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The Tongva Times

The Tongva Times

The Tongva Times

Students construct assemble set pieces

    By Chloe Law

    Staff Writer


     On the days that drama productions are not shown, the Gary E. Goodson Theatre at Gabrielino High School remains silent. Behind the red curtains, however, are the never-ending sounds of heavy drilling and thunderous clashes from groups of busy students designing a set for the next production.  

      The process of designing a set for a particular drama production demands effort, time, and creativity—all of which come from stagecraft crews, woodshop students, and drama teacher Jan Gluskin.

      “You have to start with what […] you want to represent,” Gluskin explained while providing an example of the railway town set design she had decided on for the showing of “The Visit” two years ago.

      As the producer and director of the plays produced Gabrielino High School, Gluskin is tasked with creating the overall vision of the productions and their respective set designs. Her concepts roughly outline the types of sets that will be present on stage, and they are finalized by stagecraft director JC Gafford.

      “We work together to bring all the elements to life,”  Gafford explained.

      Unlike other schools, such as Temple City High School, who rent their set designs, students at Gabrielino go the extra mile and make their sets by hand. This responsibility is generally given to the stagecraft crew, which is composed of roughly 30 students. Stagecraft students are given tasks that include, but are not limited to building, painting, and securing the set.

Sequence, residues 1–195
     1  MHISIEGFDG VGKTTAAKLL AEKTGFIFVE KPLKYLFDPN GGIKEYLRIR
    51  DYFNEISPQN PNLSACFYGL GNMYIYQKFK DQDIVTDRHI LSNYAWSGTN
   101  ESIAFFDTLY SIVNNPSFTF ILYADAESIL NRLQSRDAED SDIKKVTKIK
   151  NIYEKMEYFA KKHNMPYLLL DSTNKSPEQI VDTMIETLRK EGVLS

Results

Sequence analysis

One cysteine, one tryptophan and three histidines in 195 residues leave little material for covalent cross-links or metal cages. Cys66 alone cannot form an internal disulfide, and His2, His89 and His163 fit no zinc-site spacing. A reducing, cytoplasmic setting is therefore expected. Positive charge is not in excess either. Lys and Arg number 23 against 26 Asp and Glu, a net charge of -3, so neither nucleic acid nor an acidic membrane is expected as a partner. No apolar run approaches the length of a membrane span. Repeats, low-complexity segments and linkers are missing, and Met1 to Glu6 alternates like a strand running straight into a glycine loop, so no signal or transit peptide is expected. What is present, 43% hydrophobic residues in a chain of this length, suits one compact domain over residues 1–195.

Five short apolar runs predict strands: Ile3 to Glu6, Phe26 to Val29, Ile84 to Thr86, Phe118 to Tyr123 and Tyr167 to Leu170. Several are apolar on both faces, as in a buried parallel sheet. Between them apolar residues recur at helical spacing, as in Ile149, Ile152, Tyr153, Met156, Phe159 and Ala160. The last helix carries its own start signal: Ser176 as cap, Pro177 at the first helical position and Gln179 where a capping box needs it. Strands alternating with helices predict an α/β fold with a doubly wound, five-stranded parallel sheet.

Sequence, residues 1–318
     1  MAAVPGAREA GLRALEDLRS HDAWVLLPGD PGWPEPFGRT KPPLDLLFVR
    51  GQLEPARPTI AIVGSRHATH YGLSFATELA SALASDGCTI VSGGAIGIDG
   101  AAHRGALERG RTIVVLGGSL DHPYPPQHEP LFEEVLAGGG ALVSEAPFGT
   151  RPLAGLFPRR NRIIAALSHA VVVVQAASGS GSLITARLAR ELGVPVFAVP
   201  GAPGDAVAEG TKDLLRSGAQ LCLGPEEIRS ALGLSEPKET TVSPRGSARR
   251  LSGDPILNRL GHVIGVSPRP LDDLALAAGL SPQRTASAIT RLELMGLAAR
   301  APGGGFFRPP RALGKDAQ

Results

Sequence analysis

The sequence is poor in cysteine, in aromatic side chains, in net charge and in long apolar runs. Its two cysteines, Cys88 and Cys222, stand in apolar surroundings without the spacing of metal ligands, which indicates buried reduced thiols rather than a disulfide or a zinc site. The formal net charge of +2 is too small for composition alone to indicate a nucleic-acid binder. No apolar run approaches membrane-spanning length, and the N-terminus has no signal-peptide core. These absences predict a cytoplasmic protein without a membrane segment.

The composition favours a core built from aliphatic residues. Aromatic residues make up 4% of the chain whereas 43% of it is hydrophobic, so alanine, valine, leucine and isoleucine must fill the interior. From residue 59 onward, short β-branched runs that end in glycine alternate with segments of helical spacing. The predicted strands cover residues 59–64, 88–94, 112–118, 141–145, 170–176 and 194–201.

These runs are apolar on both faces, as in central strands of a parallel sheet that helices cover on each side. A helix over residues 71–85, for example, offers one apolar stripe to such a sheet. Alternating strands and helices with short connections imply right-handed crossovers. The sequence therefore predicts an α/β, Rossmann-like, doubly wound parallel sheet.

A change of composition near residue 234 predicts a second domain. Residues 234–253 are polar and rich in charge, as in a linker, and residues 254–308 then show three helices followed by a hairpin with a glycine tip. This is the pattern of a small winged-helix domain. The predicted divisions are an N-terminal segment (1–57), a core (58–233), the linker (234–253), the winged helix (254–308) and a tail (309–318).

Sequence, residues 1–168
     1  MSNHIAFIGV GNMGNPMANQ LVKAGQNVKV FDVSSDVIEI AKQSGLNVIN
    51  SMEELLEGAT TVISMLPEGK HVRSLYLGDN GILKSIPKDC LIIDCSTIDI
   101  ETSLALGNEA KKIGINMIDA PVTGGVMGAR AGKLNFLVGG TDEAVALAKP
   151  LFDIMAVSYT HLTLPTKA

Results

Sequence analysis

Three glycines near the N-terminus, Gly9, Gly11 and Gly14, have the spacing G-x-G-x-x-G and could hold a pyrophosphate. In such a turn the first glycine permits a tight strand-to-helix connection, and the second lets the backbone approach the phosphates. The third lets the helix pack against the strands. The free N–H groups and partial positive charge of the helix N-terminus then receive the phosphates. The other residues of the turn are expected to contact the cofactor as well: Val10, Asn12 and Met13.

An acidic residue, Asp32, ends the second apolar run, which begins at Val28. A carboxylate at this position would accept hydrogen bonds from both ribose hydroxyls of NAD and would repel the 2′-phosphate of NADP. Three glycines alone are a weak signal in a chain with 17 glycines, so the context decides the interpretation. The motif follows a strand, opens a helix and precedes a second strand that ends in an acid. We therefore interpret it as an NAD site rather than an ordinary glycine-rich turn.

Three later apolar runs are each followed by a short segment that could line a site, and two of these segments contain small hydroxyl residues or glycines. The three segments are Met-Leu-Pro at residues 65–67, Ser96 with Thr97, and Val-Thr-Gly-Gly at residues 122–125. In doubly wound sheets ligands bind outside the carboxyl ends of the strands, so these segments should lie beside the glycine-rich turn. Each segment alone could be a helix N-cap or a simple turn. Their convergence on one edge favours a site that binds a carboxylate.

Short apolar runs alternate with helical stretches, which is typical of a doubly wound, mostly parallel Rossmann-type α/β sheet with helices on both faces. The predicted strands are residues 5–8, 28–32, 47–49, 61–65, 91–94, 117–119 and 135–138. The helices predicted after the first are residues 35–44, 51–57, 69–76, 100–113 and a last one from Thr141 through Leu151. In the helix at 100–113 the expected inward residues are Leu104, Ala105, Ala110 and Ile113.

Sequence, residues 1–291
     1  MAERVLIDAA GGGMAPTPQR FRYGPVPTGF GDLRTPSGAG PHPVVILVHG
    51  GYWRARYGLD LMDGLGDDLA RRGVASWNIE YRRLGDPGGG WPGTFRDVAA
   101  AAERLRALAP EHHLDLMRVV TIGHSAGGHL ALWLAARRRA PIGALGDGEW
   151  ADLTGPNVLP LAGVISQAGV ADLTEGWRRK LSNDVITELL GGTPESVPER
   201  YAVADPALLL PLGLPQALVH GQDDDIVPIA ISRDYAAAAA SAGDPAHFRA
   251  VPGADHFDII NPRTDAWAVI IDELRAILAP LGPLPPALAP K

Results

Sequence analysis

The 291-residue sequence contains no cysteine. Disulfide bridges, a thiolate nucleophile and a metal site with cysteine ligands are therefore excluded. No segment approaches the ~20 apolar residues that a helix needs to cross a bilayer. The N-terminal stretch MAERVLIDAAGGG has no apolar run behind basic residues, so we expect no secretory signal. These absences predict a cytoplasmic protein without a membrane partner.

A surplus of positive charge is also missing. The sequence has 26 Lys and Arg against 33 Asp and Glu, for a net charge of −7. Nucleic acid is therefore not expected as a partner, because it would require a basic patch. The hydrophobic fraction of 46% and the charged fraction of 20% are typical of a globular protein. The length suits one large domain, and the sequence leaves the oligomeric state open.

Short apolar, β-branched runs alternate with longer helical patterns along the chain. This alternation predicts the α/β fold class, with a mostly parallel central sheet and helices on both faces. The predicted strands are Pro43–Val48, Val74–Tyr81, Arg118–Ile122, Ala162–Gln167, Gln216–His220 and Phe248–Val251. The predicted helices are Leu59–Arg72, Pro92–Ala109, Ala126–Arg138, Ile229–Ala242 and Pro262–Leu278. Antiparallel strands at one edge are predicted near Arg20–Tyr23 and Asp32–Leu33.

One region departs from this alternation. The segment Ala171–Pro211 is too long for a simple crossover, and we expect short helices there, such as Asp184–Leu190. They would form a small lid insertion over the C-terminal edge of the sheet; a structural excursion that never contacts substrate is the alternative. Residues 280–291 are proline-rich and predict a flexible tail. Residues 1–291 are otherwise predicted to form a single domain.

Although the stagecraft crews contribute most of work towards the development of set designs, those that are more complex require the help of woodshop students, who have access to certain supplies.

     In all situations involving set design, safety is a key factor to take into consideration, as the risk of injuring an actor or actress comes with various consequences. With this in mind, the stagecraft crews often check their work more than once in order to ensure that all pieces are in place.

      The amount of effort put into the creation of set designs is equivalent to the amount of time spent as well. Those working on developing set designs work from 3:15 p.m. to 7:15 p.m. every Monday and Wednesday after classes end.

      Although most tasks are completed during class projects can take as long as two weeks to complete. In some cases, students may even be asked to come in on weekends to continue working on their pieces.

      “The time isn’t a problem when you get to see the progress of the stage in the end,” junior Lucy Ho stated.

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    Students construct assemble set pieces